Michael Hart is the oft-ignored father of e-books and much else in our Internet culture besides.
In the annus mirabilis of 1971,How Michael Hart Revolutionized the Internet Articles Michael Hart conceived of electronic books (e-books), open sourcing, and of user-generated content in one stroke of genius.
Hart established Project Gutenberg: a repository of tens of thousands of public domain texts, freely available online. It is the largest and most comprehensive of its kind and has spawned numerous imitators, emulators, and mirror sites. E-books became a mainstream item with giant commercial enterprises – from Microsoft through Yahoo and Amazon to Google and Barnes and Noble – entering the fray.
Project Gutenberg relied on the contributions and input of volunteers from around the world, who digitized public domain books in accordance with an ever-evolving set of rules. The software underlying the Project was available to be modified, tinkered with, and replicated on other Websites, This model of collaboration now underlies open source software, “crowdsourcing”, and projects such as the Wikipedia.
Most pundits agree that in the history of knowledge and scholarship, e-books are as important as the Gutenberg press, invented five centuries ago. Many would say that they constitute a far larger quantum leap. As opposed to their print equivalents, e-books are public goods: cost close to nothing to produce, replicate, and disseminate. Anyone with access to minimal technology or even the oldest computers can read e-books.
Project Gutenberg eBooks were being read on iPods within a week of the latter’s introduction, not to mention cell phones and smarter variants thereof, such as the iPhone. With well over 4 billion cell (mobile) phones (according to the United Nations) compared c. 1 billion computers, the former may well turn out to be the preferred platform for reading text.Over the years, I have interviewed Michael Hart and we have corresponded prolifically on a variety of topics. I have always relished his anti-authoritarian streak. Michael is a true, unvarnished and non-compromising independent, out to empower the individual at the expense of faceless, heartless corporate and government bureaucracies.
March 8 being Michael’s 62nd birthday, we have decided to publish snippets of our exchanges.Happy Birthday, Michael!!!
Sam:Some people refer to you as “The First Citizen of the Internet” …Michael:Perhaps because I was the first person to be on the Internet’s systems without being paid to do so. Everyone else I knew of was a government employee, staff, or one of the student slave wage computer operators, their bosses, etc.I was certainly “none of the above.”I was probably the first “hitchhiker” on the Internet and that helped to give me the unique perspective that led to the creation of Project Gutenberg, Open Source, virtual communities, and a host of other things we all take for granted now.Project Gutenberg was the first “site” on the Internet, the first place people went to download materials, general information, and so on. There may have been similar things at the companies that serviced the mainframes, but certainly not the general stuff the public could download or upload that we see today.I certainly appeared to be the first to view computers as a huge communications network independent of their computing ability.I remember saying, back in 1971:”Computers Aren’t Just For Computing Anymore.”Sam:I’ve heard various versions of the events of the night of July 4th, 1971. What really happened?Michael:
I realized I had a BIG IDEA, the lightbulb went on at 1:41 AM, on July 5th.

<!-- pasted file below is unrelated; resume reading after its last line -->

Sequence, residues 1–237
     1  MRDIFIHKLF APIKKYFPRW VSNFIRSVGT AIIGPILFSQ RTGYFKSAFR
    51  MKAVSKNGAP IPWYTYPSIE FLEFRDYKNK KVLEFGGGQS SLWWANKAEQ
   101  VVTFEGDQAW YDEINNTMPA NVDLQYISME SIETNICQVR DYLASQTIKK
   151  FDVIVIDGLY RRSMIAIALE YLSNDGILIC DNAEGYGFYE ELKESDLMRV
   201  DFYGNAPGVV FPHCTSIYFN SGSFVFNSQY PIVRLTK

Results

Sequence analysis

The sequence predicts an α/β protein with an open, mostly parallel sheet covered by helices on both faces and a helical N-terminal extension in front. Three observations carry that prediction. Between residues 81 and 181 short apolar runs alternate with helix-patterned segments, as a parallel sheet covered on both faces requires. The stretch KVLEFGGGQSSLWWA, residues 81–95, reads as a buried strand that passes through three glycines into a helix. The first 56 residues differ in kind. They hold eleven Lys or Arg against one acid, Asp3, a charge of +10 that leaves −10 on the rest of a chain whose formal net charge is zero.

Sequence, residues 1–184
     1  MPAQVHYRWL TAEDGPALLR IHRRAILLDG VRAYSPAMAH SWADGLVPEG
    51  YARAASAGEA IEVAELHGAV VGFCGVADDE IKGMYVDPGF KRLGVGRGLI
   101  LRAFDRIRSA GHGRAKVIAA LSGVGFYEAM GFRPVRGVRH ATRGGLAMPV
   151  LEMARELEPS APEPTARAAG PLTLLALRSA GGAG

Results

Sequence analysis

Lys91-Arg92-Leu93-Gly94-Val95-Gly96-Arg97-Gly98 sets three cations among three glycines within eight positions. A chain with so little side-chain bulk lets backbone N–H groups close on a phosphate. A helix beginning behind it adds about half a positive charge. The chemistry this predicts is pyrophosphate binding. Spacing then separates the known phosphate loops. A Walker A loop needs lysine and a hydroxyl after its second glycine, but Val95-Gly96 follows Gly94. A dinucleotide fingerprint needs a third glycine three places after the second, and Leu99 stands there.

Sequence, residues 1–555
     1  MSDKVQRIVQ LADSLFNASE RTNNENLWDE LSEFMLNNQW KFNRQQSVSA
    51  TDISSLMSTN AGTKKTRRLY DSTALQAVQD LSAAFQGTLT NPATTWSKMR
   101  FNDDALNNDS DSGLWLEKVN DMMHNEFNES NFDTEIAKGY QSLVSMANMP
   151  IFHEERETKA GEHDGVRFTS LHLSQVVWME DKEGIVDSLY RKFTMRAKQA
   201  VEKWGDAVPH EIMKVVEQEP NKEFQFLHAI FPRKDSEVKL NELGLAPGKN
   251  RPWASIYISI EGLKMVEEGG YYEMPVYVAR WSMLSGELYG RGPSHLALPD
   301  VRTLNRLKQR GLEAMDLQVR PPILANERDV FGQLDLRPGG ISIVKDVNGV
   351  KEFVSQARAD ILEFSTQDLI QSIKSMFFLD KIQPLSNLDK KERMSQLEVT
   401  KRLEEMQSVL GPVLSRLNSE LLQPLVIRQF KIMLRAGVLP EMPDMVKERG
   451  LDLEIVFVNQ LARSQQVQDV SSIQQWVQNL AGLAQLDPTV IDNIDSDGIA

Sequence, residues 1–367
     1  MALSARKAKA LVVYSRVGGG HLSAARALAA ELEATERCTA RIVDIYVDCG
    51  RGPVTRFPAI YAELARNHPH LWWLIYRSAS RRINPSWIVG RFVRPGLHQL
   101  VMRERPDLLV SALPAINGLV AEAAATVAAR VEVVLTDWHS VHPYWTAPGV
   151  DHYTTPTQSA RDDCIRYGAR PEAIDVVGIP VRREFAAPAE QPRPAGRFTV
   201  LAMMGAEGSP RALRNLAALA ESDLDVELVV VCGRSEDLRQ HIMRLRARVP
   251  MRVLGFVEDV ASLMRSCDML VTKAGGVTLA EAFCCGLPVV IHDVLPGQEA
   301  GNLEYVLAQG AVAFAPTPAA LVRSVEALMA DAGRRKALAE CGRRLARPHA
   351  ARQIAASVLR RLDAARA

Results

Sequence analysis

It was a sultry night, and after the fireworks I wasn’t sure whether I’d be better off trying to find somewhere to crash on campus to save alot of hot walking right then, and the return trip in mere hours.So, I decided to see if I could get into Materials Research Lab (where I was not always welcome), where the Xerox Sigma V mainframe was (and where I was always welcome). Then, as now, there were already people who viewed me as a real threat to their hard-won positions of title and power.The fact that I “lived” behind the stainless steel window, where they had to come, praying and paying, hoping that their programs would prove worthy of the mighty machine. . .well. . .I hadn’t really realized it yet, myself, but it bothered a lot of people, and I was routinely locked out of the building with the aim of precluding me from doing my homework in the air-conditioned quarters – air-conditioning being a status symbol and one of the perks they had enjoyed.That night in particular was going to be tough, as it was late and not a school night, so the building would already be tight, and only the hardest of hardcore workers would be there, the kind, I must add, that liked me the least.So I spent nearly an hour casing the entire first floor with no luck other than to have one of the aforementioned people who thought I didn’t belong there refuse to let me in when I asked. I suggested he should call the police if that’s how he felt about my presence. He knew that the police would ask the night operator who would know it was me, and I would be let in. It was nasty, but funny.Finally, just as I was about to give it all up and snooze there on the lawn for a bit, I heard someone come out and I jumped up and ran around the building, but it was too late, the door closed and I was locked out once more. However, being a slightly forward young man, I asked in a plain up front manner if they would go back and let me in, so I would not have to walk home that night. I explained that I was NOT on the list and that technically the whole process was probably more or less illegal, but they went back to the door to do the honors of letting me in.I ran upstairs to the Sigma V, and was let in so fast it probably made the heads spin on those who thought I must not be allowed such privileged access.The first thing I found out was that my own personal account on the Sigma V had been approved. . .not that I wanted one at all.You see, the boss of the people I knew there felt there was the risk of something bad happening unintentionally as I poked in a very amateurish way around the computer. I had actually been mentioned in their meetings as a risk factor. The solution, rather than throw me out as some in there would have preferred, was to give me my own account, with a lot less power, permissions, etc. than the “operator account” I had been using all the time, having memorized my friend’s password.Thus, as of July 4, 1971, I had my own account with some staggering amount of computer money in it that I would never be able to use up, but was told there was plenty more, no worries.Now just to be honest here, I rarely, if ever, used the account I had just been given, simply because I had already memorized a very hard password, and mine was even harder. I did bill my jobs to the new account number, so the people who had been kind enough to open this legal door for me would think I was using it properly.So, after all the hoopla, I had to figure out the right thing to do with all my new found legal computing power.I didn’t have a clue. . . .I was hungry, I was tired, it had been 11PM before I even got a foot in the door, I had no ideas percolating in the wee hours. So, I decided I should pump up the blood sugar levels with some goodies I had bought on the way from the fireworks and I dumped my bookbag on the floor to get some brownie mix when out popped a faux parchment copy of The U.S. Declaration of Independence.The lightbulb literally went on over my head like in the cartoons!You see I had wanted to put something on the Internet that was going to stay there, ever since the first day I had learned we were on this new network that would let us send messages, files and whatever else to Berkeley and Harvard simultaneously and to bunches of other hotshot places in between.Apparently no one had ever done such a thing and I thought it was the perfect thing to do.I got permission and was told that if I finished by morning I could move immediately into the next step: an accessible file for anyone who wanted it. They even promised to write up a note in what would later become “comp gen” (general notes for computer users) about how to obtain the file.So, I sat up all night long typing, proofreading, typing more, proofreading more, printing, reprinting, typing, retyping, and finally, just at the deadline, I had something to send to what I believed would be a whole world of readers.I handed over my little spool of paper tape just in time for a changing of the guard to the day shift, and I was feeling just fantastic, when it turned out the person receiving it was. . . are you ready. . .my best friend! You see, I had always been there on the night shift and off to my 8AM classes before the shift change.”What are YOU doing here?!?!?” I exclaimed.”What am _I_ doing here?!?!? What are YOU doing here?!?!??””I’m always here!!! This is where I do my homework.””_I_ WORK here!!!”